SynBAd, a clinical cancer vaccine candidate, induces antigen-specific T cells and extends life in a therapeutic liver cancer model

Peter A. Sieling, Justin Golovato, Stephen Benz, Kayvan R. Niazi, Shahrooz Rabizadeh Sagittarius Bio, Inc.

Background: Hepatitis B virus (HBV) infection is associated with approximately 25% of liver cancer cases in the US and 56% worldwide. Low rates of HBV vaccination in people 50 years or older combined with the fact that HBV infection is highest amongst the 40-49 year old demographic (i.e. individuals born prior to 1986) is a cause for concern as the median age for liver cancer diagnosis is 66 years of age. Despite the impact of immunotherapies in liver cancer over the past decade, durable responses remain elusive. Our approach to significantly improving outcomes is to activate and mobilize tissue-resident and systemic cancer-specific T effector memory cells (TEM), especially for the treatment of cancer in organs with low T cell count, including liver.

Methods: We synthesized a novel capsid-modified adenovirus, SynBAd, for use as a therapeutic cancer vaccine targeting systemic immunity without causing commonly-reported adenovirus- mediated hepatotoxicity. We further engineered SynBAd to express a polytope of HBV antigens to facilitate the elimination of HBV+ tumor cells. SynBAd, administered intravenously (IV) for systemic and liver-specific T cell activation, was evaluated in a tumor-protection mouse model of liver cancer.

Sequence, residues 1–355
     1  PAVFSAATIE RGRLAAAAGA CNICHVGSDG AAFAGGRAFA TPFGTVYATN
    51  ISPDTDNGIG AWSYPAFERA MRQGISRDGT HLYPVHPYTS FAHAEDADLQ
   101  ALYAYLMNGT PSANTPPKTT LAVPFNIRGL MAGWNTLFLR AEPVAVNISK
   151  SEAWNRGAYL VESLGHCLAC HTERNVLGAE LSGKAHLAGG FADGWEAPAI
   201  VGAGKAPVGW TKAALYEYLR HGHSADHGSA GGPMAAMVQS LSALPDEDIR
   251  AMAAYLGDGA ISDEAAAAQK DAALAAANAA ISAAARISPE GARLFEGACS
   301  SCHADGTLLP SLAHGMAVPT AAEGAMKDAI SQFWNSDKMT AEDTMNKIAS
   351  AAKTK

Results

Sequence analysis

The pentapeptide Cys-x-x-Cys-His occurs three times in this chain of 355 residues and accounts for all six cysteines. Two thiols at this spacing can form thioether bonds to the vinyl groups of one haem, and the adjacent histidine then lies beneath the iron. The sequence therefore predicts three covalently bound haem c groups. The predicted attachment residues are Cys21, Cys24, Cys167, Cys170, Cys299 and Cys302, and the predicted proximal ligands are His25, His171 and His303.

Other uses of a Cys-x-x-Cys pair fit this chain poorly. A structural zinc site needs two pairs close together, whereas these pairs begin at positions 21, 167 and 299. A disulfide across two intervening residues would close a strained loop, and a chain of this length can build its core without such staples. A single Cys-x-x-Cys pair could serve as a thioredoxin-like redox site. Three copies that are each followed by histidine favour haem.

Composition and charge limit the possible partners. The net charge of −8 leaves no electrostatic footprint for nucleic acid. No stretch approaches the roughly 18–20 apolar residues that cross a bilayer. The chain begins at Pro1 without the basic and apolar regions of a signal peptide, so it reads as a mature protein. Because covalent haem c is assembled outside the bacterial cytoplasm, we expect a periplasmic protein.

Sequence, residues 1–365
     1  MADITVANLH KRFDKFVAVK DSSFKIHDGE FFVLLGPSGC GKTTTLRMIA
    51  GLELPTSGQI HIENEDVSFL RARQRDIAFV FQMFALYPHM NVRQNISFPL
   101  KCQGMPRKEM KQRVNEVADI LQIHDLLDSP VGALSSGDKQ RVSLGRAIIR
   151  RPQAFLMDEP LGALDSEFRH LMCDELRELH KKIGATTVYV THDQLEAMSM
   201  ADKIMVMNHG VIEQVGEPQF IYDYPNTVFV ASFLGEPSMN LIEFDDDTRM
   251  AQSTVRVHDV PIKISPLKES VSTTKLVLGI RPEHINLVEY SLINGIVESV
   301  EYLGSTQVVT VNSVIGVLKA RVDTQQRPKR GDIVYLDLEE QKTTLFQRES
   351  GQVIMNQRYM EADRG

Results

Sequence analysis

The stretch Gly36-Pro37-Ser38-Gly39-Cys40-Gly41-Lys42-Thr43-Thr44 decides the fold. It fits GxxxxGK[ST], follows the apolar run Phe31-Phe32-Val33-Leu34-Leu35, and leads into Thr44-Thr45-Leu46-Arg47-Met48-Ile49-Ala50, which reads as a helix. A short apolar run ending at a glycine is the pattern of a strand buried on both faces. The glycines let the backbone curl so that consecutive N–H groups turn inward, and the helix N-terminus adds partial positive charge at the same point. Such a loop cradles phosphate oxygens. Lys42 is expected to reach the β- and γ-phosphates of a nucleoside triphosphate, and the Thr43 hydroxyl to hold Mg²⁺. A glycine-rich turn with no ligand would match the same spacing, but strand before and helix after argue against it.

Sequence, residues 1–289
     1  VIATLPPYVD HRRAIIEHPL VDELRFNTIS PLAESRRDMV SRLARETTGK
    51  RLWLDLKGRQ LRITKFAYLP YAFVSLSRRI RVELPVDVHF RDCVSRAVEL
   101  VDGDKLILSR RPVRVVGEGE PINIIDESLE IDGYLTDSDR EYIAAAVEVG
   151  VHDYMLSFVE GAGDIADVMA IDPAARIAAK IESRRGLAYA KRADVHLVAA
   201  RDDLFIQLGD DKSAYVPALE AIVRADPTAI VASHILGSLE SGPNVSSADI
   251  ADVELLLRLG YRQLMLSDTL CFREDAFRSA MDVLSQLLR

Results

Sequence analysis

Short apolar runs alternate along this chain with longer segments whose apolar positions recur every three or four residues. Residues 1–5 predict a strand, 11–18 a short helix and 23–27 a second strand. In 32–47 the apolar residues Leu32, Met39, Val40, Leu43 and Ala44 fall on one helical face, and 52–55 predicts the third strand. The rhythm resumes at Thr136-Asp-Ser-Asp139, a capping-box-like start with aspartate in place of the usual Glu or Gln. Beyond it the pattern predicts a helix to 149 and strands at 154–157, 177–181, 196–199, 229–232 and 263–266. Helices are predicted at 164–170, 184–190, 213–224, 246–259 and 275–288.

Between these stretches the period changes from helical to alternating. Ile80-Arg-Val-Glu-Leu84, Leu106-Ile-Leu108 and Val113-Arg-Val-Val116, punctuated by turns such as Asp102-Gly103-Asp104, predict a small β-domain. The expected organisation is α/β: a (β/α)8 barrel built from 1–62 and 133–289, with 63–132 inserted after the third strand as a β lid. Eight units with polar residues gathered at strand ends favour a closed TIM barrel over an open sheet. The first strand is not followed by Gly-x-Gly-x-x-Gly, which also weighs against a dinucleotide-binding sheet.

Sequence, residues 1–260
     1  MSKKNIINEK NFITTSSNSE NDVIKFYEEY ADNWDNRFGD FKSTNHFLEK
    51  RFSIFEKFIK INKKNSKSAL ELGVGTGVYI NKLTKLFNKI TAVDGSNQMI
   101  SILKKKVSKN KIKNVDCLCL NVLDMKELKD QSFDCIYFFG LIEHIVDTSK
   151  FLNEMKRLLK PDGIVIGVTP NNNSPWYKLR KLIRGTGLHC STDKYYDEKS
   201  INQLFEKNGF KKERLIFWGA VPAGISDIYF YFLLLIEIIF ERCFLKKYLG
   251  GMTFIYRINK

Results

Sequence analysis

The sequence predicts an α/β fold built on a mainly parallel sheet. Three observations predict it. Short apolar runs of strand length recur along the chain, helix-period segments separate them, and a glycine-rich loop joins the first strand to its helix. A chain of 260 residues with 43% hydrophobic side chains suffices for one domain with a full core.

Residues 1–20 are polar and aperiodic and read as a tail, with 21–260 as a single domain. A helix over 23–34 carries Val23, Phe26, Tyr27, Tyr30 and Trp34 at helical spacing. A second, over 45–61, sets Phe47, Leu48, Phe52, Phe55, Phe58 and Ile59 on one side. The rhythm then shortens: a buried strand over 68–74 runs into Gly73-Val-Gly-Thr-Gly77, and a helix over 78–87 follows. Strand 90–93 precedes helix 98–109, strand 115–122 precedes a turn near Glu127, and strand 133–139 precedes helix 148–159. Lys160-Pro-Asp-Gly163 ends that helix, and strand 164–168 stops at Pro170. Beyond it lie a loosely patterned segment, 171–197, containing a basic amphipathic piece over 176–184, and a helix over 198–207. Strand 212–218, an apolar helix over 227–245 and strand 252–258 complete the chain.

Results: IV administration of SynBAd expressing a polytope comprised of HBV epitopes significantly extended the lives of mice with a liver-localized tumor bearing the same epitopes, in contrast to control animals. Moreover, recipients of SynBAd expressing an irrelevant antigen did not demonstrate comparable levels of protection. SynBAd further induced antigen specific CD8 T cell immunity in mice and a population of effector memory T cells at levels equivalent with those induced by human Adenovirus serotype 5 (Ad5). The virus predominantly localized to the liver and spleen and induced antigen-specific T cells though more robustly in the latter than Ad5. Although SynBAd is a potent immunogen, antibodies generated in mice immunized with Ad5 only weakly neutralized SynBAd infection in vitro, suggesting that preexisting Ad5 antibodies will not dramatically influence SynBAd efficacy.

Conclusion: The model used is representative of colon metastases to the liver as well as HBV- driven hepatocellular carcinoma. Localization of the vaccine after administration, activation of antigen specific T cells, mobilization of effector memory T cells, and efficacy in the liver cancer model suggest that this platform promotes a systemic tumor controlling immune response with wide-ranging clinical potential beyond liver cancer.